From a business standpoint, disparate and inflexible IT systems diminish the ability to act quickly to deploy new stores and new lines of business in response to rapidly changing customer demands. If a retailer is looking to upgrade POS systems, for example, they may have to configure and deploy each site separately, writing scripts for remote execution and often sending tech support to site. With something like this, high costs and frequent delays are normal. 

Some components of a retailer’s Edge IT may have been centralised in a data centre or cloud, but the real issues, including latency, performance, network availability and costs too often make this the wrong tool for the job. With additional new data-hungry and low latency application requirements arriving in the store, this Edge IT challenge is magnified.      

And just as a data centre is the wrong tool for Edge requirements, taking servers and software designed for a data centre environment and distributing them to the Retail Edge is like the old adage – if all you have is a hammer, everything looks like a nail.  Edge IT requires different tools. These tools have to be designed for the Edge, not the data centre, and have to focus on the issues of effective management, control and updating in a distributed and often hostile branch IT environment. In-branch solutions must be able to operate efficiently in a distributed branch environment. 

Data centre infrastructure is designed to provide and manage scale-out environments in environmentally controlled, relatively high bandwidth and resource-rich environments.  Edge infrastructure by contrast is designed to be ‘stamped out’ tens, hundreds or thousands of times to a consistent template, and distributed to relatively resource-poor, low bandwidth environments where they must operate reliably and be kept secure for years.  Deploying the wrong system  can mean massive cost, performance and reliability differences when multiplied over many sites.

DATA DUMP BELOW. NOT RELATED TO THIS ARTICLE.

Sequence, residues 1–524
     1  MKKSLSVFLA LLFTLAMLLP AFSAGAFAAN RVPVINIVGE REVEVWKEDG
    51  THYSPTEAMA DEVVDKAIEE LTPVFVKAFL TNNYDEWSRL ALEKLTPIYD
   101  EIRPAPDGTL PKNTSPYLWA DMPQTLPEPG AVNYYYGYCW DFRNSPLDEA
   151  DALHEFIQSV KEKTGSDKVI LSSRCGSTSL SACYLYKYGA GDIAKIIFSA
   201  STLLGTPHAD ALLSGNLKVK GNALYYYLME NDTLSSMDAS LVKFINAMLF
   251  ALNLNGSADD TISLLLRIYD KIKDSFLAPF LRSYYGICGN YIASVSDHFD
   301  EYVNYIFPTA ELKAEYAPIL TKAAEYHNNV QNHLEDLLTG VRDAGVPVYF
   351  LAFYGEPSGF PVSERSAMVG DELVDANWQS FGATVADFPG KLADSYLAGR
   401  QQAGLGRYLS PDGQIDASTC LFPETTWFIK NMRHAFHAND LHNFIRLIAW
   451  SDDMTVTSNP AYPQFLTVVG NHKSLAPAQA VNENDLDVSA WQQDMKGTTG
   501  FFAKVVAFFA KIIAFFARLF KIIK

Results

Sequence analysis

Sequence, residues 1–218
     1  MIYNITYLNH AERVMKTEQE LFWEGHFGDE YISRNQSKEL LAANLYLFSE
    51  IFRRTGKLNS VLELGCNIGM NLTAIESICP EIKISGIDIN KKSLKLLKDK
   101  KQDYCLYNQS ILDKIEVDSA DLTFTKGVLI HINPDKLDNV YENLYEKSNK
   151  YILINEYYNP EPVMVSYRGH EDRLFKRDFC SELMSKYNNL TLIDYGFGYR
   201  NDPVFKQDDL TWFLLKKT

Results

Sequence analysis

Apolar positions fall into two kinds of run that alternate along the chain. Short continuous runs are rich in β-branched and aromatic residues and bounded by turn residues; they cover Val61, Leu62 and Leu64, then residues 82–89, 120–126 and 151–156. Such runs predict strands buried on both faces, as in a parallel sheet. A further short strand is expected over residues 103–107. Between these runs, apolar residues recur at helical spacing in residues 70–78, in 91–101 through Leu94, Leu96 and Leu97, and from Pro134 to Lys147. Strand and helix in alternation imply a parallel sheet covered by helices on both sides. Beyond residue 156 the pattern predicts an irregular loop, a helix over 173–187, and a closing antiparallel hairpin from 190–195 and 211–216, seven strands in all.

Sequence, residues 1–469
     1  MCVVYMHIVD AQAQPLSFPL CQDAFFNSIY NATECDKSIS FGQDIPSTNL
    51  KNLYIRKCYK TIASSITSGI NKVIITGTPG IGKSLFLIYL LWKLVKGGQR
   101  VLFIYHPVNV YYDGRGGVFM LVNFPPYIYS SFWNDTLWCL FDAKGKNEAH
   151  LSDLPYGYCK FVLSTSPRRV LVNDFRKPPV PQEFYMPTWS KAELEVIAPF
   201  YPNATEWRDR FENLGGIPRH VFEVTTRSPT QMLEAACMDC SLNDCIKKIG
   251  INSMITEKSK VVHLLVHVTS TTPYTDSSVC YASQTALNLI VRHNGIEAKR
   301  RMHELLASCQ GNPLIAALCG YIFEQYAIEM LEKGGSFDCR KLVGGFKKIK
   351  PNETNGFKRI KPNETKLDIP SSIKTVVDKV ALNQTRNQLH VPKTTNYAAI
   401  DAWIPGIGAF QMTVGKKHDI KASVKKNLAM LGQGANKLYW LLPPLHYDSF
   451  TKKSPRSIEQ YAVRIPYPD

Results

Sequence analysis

To deliver the IT retailers need – powerful in-store IT without complex in-store management and support challenges – what’s required is a redefinition of computing capabilities in the branch, at the edge. This new branch IT must be fully virtualised to run all applications, centrally managed to lift the support burden, and easily deployed and adapted across a variable quality distributed network to deliver cloud levels of business flexibility.   

Taking it to the edge 

Edge IT is coming of age. The requirements for retail store technology is a prime example and will only increase as retailers strive to deliver enhanced customer experiences, process significant volumes of data in real time, and ultimately drive greater operational and cost efficiencies.  

Advanced, virtualised and managed Edge-based solutions, using integrated compute, storage and networking technology, are both taking over from the old Edge IT and transforming to enable the new requirements of an ever-connected environment. In a packaged retail branch form factor, this will mean standardised delivering of the performance, flexibility and operational efficiency that retailers are now demanding to meet the needs of their customers and their business.   

Nick East, CEO, Zynstra 

Image Credit: Zapp2Photo / Shutterstock

Nick East
Nick is co-founder and CEO of Zynstra, the award winning leader in Cloud Managed Servers. Zynstra is reinventing the way distributed multi-site organizations and SMB’s buy and manage their IT infrastructure, and offers new opportunities to IT service providers to build value into their business.